Makura No Danshi, a new romantic anime series, began airing in Japan on July 13th, where the story invites the viewer to sleep beside a male companion each week. Now on its third episode , I have reviewed the series so far and discovered that while the series intends to facilitate sweet dreams, it may give the audience nightmares. You can watch it simulcast on Crunchyroll.
The premise of Makura No Danshi, or “Pillow Boys” is fairly simple. The series is a first person story, with each episode lasting only 4 minutes. During the episode, the viewer meets and sleeps next to a man; the character changes with each new episode, in age, social status, and occupation, presumably to appeal to wide demographic. It becomes clear from the opening titles that Makura No Danshi is a Shoujo. Male fan service (titillating, often sexual content intended to satisfy the viewer) features heavily, with each character appearing scantily clad, reclining with abs and butts on show. This imagery, along with the intimate nature of series is obviously designed to appeal to young women.
Merry, the first pillow boy of the series
However, from the first episode, it becomes clear that the male partners are more annoying than alluring. Episode 1 features the first “pillow boy”, Merry. There is an implication that there is a pre-existing relationship between the viewer and Merry; you first encounter him already sitting in your bed. But while Merry is seemingly intended to be a doting, devoted boyfriend, offering massages and advice, his character comes across as needy and cloying. Merry complains he “was alone for so long” and bizzarely offers a butt massage, but explains that he is “not perverted”. How reassuring. He goes on to comment that your body is stiff “like a cat” and you seem ready to “run away at anytime.” Confronted with this doe-eyed dunce for much longer, anyone would get off of their (un-massaged) butt and head for the hills.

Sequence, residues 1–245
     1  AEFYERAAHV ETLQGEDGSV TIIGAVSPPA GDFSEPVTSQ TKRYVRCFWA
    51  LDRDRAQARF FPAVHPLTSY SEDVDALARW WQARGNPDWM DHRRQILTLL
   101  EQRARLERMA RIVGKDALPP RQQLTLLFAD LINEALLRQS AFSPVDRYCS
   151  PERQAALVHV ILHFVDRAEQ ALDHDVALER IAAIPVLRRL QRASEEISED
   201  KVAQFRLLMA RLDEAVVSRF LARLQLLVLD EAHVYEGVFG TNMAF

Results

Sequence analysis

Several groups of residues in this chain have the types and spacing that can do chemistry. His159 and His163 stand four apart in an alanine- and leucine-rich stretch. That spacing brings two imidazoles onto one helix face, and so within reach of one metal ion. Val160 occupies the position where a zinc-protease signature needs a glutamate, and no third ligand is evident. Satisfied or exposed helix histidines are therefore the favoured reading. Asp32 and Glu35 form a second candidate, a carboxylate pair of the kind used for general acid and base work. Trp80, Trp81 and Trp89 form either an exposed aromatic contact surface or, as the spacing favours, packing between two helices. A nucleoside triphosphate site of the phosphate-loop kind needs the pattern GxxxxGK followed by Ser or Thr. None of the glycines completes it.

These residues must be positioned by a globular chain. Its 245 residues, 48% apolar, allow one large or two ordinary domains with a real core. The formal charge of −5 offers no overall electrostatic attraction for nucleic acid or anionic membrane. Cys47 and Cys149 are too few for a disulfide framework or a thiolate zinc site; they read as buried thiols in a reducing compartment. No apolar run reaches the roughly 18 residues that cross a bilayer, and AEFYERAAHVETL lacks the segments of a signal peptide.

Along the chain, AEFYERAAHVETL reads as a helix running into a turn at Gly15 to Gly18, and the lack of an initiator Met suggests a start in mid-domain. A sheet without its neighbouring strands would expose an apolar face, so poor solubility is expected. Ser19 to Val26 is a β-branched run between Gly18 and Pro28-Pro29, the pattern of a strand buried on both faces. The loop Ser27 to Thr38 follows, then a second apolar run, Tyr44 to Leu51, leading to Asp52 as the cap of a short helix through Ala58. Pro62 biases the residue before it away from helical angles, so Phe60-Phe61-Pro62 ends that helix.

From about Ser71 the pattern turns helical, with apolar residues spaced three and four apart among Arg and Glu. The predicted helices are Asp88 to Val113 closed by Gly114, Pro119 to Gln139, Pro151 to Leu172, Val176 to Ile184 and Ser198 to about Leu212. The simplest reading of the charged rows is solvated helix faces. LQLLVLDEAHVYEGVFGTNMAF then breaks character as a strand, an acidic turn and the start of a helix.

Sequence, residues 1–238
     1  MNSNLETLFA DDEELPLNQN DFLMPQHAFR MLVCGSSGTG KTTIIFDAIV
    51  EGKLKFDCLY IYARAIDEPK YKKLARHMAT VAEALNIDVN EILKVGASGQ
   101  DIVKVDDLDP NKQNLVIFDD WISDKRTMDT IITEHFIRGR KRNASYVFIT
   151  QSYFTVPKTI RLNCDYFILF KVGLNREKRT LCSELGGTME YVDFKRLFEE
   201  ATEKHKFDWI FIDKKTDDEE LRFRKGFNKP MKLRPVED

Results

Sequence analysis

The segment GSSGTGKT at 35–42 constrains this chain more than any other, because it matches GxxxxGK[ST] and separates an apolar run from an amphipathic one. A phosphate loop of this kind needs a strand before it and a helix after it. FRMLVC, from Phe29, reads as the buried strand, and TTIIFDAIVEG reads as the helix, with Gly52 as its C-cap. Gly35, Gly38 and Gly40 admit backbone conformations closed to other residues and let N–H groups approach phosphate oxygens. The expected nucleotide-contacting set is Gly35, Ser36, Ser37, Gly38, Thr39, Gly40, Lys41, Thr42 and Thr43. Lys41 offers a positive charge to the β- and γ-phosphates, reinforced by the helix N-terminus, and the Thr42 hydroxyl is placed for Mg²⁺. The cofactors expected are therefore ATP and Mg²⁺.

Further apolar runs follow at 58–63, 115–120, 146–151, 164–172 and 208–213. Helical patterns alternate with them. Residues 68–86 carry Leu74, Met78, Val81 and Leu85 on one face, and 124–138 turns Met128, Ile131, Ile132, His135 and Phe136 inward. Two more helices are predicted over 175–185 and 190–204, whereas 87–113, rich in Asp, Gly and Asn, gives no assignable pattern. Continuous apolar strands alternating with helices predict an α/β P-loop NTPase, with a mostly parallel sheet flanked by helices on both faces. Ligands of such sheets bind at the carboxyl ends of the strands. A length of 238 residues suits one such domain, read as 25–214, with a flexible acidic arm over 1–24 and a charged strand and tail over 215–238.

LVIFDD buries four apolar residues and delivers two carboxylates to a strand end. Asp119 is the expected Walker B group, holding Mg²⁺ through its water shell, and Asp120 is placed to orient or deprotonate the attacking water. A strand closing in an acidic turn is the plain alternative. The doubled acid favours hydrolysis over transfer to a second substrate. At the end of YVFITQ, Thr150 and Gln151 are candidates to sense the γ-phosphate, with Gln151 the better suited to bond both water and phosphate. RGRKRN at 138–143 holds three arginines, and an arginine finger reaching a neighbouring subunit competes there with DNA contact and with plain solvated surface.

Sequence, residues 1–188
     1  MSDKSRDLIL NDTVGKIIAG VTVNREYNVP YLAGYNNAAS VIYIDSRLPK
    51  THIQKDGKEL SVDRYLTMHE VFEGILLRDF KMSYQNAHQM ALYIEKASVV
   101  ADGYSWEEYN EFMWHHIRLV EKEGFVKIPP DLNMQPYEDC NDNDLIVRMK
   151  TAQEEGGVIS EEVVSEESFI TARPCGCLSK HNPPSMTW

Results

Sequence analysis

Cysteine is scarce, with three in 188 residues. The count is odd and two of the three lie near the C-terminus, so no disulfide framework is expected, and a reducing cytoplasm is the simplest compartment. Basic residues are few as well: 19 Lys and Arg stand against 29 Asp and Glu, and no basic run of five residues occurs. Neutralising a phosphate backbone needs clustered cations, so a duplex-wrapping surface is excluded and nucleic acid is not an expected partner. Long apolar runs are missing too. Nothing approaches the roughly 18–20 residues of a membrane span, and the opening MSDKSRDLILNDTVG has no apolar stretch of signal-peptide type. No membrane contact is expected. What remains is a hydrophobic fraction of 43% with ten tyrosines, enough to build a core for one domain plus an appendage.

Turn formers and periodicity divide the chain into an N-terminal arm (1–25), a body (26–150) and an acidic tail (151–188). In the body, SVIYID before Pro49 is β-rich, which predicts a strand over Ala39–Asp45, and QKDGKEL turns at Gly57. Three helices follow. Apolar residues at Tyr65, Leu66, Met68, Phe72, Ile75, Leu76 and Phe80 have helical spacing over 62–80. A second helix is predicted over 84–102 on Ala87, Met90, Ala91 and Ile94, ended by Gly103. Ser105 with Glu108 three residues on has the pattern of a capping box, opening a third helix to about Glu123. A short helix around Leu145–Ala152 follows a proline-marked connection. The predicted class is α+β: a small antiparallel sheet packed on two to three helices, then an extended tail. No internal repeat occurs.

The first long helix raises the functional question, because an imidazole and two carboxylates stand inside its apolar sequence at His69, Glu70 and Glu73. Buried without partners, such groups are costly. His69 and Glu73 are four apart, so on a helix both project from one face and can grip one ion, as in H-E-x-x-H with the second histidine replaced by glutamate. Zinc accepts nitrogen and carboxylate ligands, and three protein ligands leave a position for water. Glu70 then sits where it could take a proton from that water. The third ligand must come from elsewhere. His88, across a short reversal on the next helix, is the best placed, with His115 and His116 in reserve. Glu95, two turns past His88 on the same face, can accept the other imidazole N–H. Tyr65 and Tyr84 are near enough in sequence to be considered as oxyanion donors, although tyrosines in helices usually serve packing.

Second episode pillow boy, Tanaka Sousuke
The second episode sees the pillow boy companion go from a bit dense to overly intense with the introduction of Tanaka Sousuke, a senpai and co-worker. The extent of the relationship between the audience and the colleague is unclear, though some nascent flirtation occurs as the episode progresses. The episode opens with the viewer waking up drunk in a strange car (positive start) to be confronted by Tanaka Sousuke. This pillow boy is apparently tackling some dark issues, claiming that “everyone has times where they want to drink away their sorrows.” He only becomes increasingly disconcerting, assuring that he’ll be “keeping an eye on you” before telling you to go back to sleep for the remainder of the journey. Because every woman knows that getting a lift with a creepy, suspicious man whilst drunk is the safest, and best, means of travel.
Hamamine Kanade, pillow boy of Episode 3
However, in terms of awful behaviour, the subject of Episode 3, Hamamine Kanade, takes the cake, the biscuit, and pretty much every other kind of confectionary. Hamamine Kanade, is a conceited, self-obsessed musician and although he plays the violin he spends most of his time blowing his own trumpet, describing his “precious hands” and “glimmering” performances (despite failing to play any music). Although the pillow boys are supposedly seductive, Hamamine Kanade seems more in love with himself than the viewer, though he does promise that “the next thing I’ll be playing is you” before telling the viewer to “make sure you squeal well.” What a gent.
At this early stage, Makura No Danshi has proven to be more startling than soothing. Hopefully the forthcoming episodes will provide the viewer with more engaging, well rounded pillow boys that will ensure that the viewer rests easy.